Perhaps the most endearing (if not enduring) fad of the Super70s, this gem of an idea was the brainchild of an advertising executive from California named Gary Dahl.
Not content with traditional pets, which he considered too messy, costly, and misbehaved, he had taken on a clean, cheap and well-behaved rock as his pet. When told of his choice of pets, his friends first thought was that he was stoned. However, they soon agreed it was a good idea and Dahl spent a few weeks preparing a Pet Rock Training Manual.
Topics included: "How to make your Pet Rock roll-over and play dead" and "How to house-train your Pet Rock." Little did he know that fame and fortune was just a... wait for it...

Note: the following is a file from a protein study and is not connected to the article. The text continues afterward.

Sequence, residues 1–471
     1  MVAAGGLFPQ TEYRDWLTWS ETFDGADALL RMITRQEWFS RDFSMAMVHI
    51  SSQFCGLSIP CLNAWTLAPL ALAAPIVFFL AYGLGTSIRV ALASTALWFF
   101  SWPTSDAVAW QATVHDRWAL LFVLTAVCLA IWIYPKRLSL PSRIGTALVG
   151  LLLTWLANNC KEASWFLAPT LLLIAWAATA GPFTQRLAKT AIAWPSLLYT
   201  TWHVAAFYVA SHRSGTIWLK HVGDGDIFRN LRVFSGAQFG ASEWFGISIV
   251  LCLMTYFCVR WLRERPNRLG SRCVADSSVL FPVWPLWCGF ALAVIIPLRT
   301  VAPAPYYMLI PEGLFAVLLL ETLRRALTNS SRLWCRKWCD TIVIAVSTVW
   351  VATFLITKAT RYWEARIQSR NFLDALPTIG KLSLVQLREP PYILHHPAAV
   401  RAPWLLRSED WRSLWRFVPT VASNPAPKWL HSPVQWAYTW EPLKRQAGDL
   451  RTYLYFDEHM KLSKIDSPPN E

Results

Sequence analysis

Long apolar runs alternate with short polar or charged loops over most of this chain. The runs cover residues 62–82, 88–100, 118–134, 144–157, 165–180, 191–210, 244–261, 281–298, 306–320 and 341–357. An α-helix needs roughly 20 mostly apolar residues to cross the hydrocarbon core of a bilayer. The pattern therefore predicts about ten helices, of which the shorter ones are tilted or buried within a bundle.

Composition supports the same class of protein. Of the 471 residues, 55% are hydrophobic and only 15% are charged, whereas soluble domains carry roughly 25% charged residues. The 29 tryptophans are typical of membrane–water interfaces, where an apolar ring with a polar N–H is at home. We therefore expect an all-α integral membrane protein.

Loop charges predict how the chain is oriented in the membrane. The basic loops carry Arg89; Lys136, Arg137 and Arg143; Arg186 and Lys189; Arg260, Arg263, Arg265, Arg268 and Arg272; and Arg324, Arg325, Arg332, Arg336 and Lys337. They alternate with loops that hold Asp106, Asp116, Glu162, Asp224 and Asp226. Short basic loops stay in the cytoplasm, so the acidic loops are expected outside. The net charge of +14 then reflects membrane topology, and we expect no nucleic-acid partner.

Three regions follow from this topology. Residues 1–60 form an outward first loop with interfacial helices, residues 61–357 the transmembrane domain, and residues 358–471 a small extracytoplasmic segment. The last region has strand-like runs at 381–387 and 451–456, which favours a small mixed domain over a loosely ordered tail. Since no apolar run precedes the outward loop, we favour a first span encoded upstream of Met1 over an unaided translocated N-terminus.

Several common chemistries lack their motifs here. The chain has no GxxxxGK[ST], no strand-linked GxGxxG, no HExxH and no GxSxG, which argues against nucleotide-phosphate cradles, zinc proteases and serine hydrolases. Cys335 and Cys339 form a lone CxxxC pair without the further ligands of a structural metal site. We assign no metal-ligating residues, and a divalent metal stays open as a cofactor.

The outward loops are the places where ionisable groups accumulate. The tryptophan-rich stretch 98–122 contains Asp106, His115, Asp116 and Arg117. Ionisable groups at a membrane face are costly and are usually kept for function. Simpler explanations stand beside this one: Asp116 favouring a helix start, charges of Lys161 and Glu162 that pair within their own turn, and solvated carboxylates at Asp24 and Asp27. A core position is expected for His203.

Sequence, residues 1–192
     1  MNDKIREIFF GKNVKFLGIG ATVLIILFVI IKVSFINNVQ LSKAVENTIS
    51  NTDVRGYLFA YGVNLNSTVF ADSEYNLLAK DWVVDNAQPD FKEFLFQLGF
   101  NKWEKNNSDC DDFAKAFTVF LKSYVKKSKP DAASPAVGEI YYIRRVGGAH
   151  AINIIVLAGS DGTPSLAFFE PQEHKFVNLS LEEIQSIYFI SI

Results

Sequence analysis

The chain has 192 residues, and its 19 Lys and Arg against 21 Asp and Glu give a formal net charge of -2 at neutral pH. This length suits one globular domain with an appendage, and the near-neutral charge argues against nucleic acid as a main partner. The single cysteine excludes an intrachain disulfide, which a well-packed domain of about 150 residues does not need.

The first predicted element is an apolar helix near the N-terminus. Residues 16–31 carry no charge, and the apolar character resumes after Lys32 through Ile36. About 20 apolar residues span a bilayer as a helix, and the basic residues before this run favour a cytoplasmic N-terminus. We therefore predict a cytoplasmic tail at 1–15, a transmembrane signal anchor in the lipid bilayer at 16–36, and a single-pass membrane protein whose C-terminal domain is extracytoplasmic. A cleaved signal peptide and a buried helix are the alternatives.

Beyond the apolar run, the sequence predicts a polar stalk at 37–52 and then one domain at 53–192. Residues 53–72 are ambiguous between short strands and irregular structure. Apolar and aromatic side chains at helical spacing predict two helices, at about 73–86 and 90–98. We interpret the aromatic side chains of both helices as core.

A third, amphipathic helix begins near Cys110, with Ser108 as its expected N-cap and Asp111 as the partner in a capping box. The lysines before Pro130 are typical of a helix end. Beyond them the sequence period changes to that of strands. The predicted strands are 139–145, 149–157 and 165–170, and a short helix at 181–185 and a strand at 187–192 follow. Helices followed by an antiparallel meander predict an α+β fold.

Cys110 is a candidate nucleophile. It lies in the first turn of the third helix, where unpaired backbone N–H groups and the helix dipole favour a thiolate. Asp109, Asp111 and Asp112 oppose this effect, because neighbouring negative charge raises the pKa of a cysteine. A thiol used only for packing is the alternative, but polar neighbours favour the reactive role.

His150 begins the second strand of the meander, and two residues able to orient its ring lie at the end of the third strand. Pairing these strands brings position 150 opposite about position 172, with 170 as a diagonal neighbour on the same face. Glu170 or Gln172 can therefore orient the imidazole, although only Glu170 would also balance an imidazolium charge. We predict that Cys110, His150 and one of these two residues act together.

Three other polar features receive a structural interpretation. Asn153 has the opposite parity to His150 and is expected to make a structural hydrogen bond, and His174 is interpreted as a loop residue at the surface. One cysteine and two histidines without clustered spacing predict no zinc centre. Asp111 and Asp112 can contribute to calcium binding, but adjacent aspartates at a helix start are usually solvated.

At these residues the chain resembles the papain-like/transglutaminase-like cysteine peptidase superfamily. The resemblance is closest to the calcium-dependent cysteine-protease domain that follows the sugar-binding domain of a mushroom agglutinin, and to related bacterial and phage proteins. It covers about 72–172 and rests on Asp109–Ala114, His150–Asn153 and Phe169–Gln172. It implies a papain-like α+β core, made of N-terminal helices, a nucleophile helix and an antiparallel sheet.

Dahl packaged the rock with his manual in a cardboard box designed to look like a pet carrying case and began selling them at $3.95 each. He introduced them at a gift show in San Francisco in August of '75 and, as an ad executive, was savvy enough to create a press release which he sent out, complete with his picture, to virtually every major media outlet. In October Newsweek carried an article on the fad and dozens of local newspapers picked up the story. Soon even staid Neiman Marcus was carrying them. Dahl's personal 15 minutes of fame culminated with an appearance on Johnny Carson's The Tonight Show.
Dozens of copycat rocks flooded the market (if you find one that claims to be the "Original Pet Rock," it is actually one of the copies; the one in our picture is an original) and after Christmas 1975, the fad was over. The fad lasted 6 months.
Three tons of stone from Rosarita Beach in Baja, Mexico was used to create Dahl's pets.
They always come back:
I would like to say they are gone never to return but...
Get you own Virtual Pet Rock for MAC OS!